Contentment (Santosha)

This weekend, I had the pleasure of attending a workshop at the Asheville Yoga Center, taught by Shala Worsley. The title of the workshop was “Juicy Assists and Advanced Teaching Techniques”…the title was what drew me at first, but when I read the workshop description, I was intrigued even more. We’d be focusing on using massage-based assisting techniques to help our students achieve that “feel good” aspect to a variety of poses. So the focus is really on helping the students feel good and “juicy”, rather than feeling like they’re being “fixed” in their poses. Assisting and adjusting students is something I have never really been comfortable with, as I’m always terrified I’ll hurt someone (I was adjusted in a pose almost 8 years ago, and I STILL have knee issues from it). When I attend classes, the teachers are always adjusting and assisting, and they seem so natural doing it, so at ease. I love getting adjusted/assisted, and I’ve longed for quite some time to feel comfortable being the adjustor/assistor. So I sucked it up, swallowed my insecurity, and jumped in head first. It was the best thing I’ve done for myself in a long time, let me tell you!

All weekend, I got the chance to work on a variety of bodies, getting feedback along the way about what felt good, what didn’t, getting ideas from watching the others doing assists/adjustments. My own body was compressed and kneaded to the point where I walked out of there today feeling like a wet noodle. I was completely exhausted but invigorated by all I learned from everyone.

Part of the workshop included learning some advanced teaching techniques, and the exercise we did to end today was one that really resonated with me, and I wanted to share it here. We had to structure a class around the theme of contentment (santosha, in Sanskrit). In the Yoga Sutra, Patanjali states in sutra 2.42, “By contentment, supreme joy is gained.” Hmmm…how to structure a class around that….tough stuff!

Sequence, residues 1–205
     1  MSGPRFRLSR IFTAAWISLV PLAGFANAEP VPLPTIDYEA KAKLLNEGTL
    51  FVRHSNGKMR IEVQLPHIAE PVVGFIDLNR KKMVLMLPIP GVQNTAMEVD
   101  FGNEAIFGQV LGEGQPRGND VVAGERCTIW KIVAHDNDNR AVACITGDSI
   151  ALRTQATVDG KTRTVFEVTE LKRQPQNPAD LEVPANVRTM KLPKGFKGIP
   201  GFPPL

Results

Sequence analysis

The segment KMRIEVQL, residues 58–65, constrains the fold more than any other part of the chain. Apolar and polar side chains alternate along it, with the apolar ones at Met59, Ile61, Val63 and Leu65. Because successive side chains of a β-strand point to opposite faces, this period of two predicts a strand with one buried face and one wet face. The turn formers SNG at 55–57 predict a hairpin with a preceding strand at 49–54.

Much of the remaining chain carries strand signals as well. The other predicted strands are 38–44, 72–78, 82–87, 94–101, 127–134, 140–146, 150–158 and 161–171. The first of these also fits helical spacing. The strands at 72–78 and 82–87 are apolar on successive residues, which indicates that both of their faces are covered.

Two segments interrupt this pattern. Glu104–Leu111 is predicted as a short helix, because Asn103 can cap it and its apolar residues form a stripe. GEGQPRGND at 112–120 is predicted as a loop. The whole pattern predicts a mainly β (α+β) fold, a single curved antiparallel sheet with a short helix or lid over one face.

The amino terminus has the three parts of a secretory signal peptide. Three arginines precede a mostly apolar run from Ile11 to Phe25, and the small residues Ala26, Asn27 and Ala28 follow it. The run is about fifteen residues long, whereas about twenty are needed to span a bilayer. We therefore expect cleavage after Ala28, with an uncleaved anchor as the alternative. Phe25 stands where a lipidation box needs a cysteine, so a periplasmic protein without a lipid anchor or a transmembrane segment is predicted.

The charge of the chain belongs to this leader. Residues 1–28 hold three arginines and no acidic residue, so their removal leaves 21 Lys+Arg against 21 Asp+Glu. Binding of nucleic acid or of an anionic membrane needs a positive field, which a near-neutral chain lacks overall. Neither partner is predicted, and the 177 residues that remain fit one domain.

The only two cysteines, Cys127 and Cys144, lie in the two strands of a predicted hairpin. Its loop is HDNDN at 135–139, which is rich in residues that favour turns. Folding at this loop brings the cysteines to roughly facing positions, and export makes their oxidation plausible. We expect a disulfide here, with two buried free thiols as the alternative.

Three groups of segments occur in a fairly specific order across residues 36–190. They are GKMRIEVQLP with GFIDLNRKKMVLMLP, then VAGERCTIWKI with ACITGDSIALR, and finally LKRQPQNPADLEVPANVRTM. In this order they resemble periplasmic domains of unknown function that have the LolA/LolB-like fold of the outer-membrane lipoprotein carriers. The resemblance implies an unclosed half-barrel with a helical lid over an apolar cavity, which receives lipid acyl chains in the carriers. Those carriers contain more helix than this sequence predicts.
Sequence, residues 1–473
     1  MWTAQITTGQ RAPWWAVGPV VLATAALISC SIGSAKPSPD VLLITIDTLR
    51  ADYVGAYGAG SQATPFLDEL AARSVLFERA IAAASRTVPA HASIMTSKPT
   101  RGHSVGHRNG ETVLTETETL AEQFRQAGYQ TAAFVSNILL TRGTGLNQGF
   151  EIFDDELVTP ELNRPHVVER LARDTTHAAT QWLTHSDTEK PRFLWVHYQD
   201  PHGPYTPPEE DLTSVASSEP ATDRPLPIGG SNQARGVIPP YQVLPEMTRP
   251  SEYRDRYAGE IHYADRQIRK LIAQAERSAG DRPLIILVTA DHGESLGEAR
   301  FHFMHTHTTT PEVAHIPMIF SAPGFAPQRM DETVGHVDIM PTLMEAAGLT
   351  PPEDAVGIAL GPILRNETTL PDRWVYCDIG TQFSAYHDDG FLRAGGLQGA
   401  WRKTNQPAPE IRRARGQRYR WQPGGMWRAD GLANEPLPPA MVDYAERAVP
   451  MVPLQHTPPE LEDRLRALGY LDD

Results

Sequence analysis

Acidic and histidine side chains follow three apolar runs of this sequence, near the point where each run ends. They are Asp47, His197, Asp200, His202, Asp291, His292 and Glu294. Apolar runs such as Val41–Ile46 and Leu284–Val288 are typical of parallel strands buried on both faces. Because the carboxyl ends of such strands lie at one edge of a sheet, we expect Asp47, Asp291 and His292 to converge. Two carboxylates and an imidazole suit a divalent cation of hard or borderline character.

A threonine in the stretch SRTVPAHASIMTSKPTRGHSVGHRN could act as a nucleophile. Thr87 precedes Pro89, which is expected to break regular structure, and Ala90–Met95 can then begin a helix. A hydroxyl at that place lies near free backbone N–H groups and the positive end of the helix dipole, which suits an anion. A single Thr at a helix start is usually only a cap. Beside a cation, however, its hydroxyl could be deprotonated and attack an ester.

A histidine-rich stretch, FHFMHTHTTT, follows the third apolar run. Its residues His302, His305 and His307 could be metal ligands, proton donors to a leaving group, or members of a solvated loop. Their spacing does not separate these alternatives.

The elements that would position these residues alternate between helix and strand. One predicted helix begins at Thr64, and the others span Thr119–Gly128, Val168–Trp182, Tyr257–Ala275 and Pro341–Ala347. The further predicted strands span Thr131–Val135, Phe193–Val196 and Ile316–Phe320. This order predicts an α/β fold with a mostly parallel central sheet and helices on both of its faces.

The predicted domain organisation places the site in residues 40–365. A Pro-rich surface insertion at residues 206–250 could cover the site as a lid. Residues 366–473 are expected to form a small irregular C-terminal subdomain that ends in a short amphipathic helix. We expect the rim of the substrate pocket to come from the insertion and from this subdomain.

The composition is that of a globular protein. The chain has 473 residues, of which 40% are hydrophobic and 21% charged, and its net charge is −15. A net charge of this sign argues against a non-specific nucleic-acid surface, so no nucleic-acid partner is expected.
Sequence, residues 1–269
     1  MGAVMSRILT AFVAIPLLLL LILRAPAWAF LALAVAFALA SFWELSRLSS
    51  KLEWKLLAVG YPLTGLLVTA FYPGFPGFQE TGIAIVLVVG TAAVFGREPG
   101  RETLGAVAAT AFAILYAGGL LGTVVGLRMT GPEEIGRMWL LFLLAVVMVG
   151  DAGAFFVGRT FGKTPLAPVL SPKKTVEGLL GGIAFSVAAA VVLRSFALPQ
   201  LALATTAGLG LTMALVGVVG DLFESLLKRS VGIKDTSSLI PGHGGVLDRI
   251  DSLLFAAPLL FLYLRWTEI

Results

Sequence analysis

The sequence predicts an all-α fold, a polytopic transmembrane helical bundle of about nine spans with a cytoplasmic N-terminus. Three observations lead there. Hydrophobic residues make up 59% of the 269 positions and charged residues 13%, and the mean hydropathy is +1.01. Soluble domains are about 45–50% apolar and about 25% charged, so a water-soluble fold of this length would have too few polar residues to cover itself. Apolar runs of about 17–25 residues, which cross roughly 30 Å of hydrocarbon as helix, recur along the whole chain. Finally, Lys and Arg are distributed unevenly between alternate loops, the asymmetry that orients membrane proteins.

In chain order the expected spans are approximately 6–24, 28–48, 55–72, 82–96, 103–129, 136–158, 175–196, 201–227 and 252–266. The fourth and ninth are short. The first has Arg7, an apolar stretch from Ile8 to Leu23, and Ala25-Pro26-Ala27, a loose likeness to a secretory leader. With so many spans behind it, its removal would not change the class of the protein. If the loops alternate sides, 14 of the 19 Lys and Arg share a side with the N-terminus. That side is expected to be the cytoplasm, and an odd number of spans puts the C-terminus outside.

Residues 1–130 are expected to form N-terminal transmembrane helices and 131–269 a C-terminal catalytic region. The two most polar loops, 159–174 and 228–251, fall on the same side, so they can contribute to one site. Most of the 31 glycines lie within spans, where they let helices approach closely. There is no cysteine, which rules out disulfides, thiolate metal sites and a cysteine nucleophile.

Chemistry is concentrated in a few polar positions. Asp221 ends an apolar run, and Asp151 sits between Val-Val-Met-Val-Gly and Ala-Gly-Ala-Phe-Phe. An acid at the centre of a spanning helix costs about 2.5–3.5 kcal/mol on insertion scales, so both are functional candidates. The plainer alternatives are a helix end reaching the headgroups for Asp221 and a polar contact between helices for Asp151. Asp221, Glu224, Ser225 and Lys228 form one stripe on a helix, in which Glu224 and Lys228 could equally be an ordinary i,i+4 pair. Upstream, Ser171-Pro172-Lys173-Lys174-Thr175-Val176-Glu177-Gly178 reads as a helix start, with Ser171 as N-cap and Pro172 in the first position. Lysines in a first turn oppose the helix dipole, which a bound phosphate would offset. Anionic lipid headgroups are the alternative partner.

It was suggested that we journal first, defining what contentment means to us. We only had a few minutes to journal, but here’s what I wrote:

“Contentment, to me, means being at peace with where I am in the present moment. If I’m not questioning my decisions, if I’m even able to make a decision and stick to it, then I’m content. If I’m not worrying about what people think of me, then I am content. If I’m able to respond to situations with a smile instead of anger or sadness, then I am content. If I’m able to love without judgment, and accept someone or something for who or what they are, without expectations, then I am content. And then…then I feel the joy of life.”

So many times, I go to a yoga class as a student and find myself getting frustrated when I can’t get into a pose the way I think I should. Or I’ll look around the room at all the flexible people, or the super strong people, and find myself wishing I could look like they do. Or I’ll key in on how wonderful a teacher is and wonder if I’m as good when I’m teaching my classes.

Those kinds of thoughts mean that I am not content. And I have those kinds of thoughts not just with my yoga, but with my running, with my professional career, my parenting skills, my friendships and other relationships. After doing this exercise today, I realize that the majority of the time, I’m ruining my ability to experience the joy of life. I’m not happy with what I have, because I am always wanting more or wanting something different.